So it’s the season when coughs, sneezes and stomach bugs are doing the rounds, with only a few of us being lucky enough to escape without feeling poorly at some stage during the winter season. And when it comes to children, the fact that they have developing immune systems, don’t always fully follow the rules of good hygiene and are often in close confines with many others at schools and nurseries means that they are very likely to catch something at some stage. But when your child is feeling under the weather, what are the sensible rules about when they should be at school and when they should be kept at home?
If you were to keep your child off school every time they had a bit of a cold or a cough then they would inevitably miss some key learning opportunities. If your child seems well and isn’t running a temperature, then it is mostly fine to send them to school. The best way to ensure they don’t infect others or indeed, catch illnesses from other people, is to encourage them to learn good hygiene skills such as hand washing, sneezing into tissues and then throwing them away.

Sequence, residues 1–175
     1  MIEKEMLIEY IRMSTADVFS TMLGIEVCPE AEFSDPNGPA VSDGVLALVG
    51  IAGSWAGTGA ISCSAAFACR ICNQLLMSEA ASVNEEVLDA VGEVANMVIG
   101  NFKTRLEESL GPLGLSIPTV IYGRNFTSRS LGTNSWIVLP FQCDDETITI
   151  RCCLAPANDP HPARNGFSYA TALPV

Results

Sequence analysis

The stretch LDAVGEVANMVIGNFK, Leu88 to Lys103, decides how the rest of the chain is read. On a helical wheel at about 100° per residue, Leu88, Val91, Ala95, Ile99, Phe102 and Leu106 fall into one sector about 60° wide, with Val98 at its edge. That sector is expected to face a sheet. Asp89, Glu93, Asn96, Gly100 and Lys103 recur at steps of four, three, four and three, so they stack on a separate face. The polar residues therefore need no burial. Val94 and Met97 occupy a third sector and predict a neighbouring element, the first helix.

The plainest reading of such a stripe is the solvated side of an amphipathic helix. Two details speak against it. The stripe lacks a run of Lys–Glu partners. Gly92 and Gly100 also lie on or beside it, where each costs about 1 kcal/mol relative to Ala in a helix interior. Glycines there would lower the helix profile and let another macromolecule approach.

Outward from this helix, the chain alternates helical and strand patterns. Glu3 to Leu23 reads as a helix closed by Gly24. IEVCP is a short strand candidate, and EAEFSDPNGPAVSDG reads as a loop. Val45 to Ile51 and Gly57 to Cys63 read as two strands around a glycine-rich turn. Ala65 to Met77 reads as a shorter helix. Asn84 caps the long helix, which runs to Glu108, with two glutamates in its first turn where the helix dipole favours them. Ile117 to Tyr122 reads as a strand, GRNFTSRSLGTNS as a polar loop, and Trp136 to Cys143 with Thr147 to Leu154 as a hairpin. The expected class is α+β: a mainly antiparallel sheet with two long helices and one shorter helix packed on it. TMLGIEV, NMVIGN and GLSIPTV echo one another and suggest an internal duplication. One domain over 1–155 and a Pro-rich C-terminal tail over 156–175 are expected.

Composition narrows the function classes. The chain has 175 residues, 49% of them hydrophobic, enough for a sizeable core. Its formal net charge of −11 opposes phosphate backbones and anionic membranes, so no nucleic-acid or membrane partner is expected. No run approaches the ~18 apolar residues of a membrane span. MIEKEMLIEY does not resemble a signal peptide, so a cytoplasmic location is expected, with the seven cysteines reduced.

A sore throat can be an unpleasant experience. If your child’s temperature is raised, then it is more likely that they have an illness such as tonsillitis which needs a visit to the doctors. But if the temperature is within a normal range, then they can go to school. Consider giving them some painkillers to make their throat more comfortable throughout the day.
There is similar advice when it comes to earache. Sore ears when combined with high temperatures are a sign that there is something more going on and your child needs to stay at home. If your child is distressed with pain in their ears, there is redness or discharge, then it’s time to seek medical advice.
Vomiting and diarrhoea and the dreaded norovirus are common over the winter months and are highly unpleasant to experience. In order to avoid spreading these easily, you must keep your child at home, not only while they are poorly, but for two days after they are feeling better also.